Davis: You're right. What I try to do is to fear-motivate my son. I tell him, "Boy, do you know how hard it was, growing up in Texarkana?" He looks at me and says, "Yeah, Dad." I know in his heart he does not. How can I tell him it's tough? We have seen a generation that really does not understand the struggle that the Jackie Robinsons and the Larry Dobys and people like them went through.
Anita DeFrantz, 1976 U.S. Olympic oarswoman and one of two U.S. members of the International Olympic Committee: Is it because it's not talked about?
Williams: I happened to see Clyde Frazier one day in New York, and I walked over to him and said, "Hey, man, I just want to thank you, because you made it a lot easier for me." He looked at me in disbelief. No one says, "This is the reason why I'm able to enjoy the kind of salary that I have."
Washington: That kind of knowledge was passed to me by black coaches like John Thompson, John Chaney, George Raveling. Here I am, 40 years old, and I hadn't realized what Hank had gone through, not until Thompson and others grabbed me and said, "Hey, boy, let me tell you what's going on." Now I try to pass it on to my son and to my athletes. Yet as you talk to them, as Willie says, they look at you as if you're nuts. That's because they can't put their hand on it. They can't feel it. One of the things we don't have is the political activists we had in the '60s. Back then, there were athletes who protested. These kids just hang out. They don't want to get involved in those issues.
Williams: Players are making a lot of money these days, but I don't think there is the commitment to reach back to their communities. That really disturbs me. It seems we're content with what we have. Maybe I don't do as much as I would like to do, but I try to do what I can.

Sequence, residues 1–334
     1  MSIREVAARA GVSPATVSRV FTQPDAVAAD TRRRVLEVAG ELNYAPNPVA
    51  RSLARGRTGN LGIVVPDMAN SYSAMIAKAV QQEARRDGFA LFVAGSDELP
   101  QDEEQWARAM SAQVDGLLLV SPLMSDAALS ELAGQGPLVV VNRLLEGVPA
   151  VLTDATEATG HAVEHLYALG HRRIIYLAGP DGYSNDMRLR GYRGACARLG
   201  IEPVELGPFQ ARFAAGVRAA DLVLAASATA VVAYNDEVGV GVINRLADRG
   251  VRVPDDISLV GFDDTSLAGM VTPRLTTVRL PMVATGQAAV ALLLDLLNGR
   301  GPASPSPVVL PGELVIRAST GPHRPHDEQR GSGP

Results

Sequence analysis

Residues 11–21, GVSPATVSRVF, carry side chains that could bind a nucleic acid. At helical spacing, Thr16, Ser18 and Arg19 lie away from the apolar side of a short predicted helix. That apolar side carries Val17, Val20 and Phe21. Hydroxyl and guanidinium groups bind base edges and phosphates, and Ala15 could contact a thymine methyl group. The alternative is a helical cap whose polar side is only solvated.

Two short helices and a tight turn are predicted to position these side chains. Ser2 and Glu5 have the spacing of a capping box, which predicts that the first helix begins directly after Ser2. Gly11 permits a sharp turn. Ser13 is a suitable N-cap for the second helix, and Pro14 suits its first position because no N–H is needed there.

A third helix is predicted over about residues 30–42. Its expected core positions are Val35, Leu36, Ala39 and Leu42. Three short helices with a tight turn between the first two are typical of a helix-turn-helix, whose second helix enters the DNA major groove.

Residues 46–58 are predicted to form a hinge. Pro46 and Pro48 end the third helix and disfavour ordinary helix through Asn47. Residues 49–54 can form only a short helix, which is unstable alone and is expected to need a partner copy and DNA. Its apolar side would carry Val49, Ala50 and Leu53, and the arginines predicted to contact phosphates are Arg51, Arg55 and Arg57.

SI: Are we saying that the black athletes at the high end of the salary scale have sold out?
Walton: What has Michael Jordan ever said, other than how much money he makes? What has Bo Jackson ever said about any issue that has relevance to people's daily lives?
C. Vivian Stringer, women's basketball coach at Iowa: Suburban kids will accept Michael as long as he doesn't speak to the issues. Am I wrong in saying that?
Aaron: I think if he has a platform, he needs to speak. A lot of black athletes, as soon as they reach a certain status, no longer associate with the black community. Down in places like Buttermilk Bottom [a low-income area in Atlanta], the kids never see the black athletes. I think that when you have a platform, you shouldn't be afraid to say something, regardless of whether someone says that they're not going to put you on a Wheaties box because of it. I think that Michael needs to speak out, and I think he'll find himself even stronger if he does.
Hightower-Leftwich: So it's an issue of control. The people whose products you endorse control you, no matter who you are—even if you're Michael Jordan. If Michael Jordan were a brain surgeon, he could speak about whatever subject he chose to address. But Michael Jordan the black athlete can't. Why?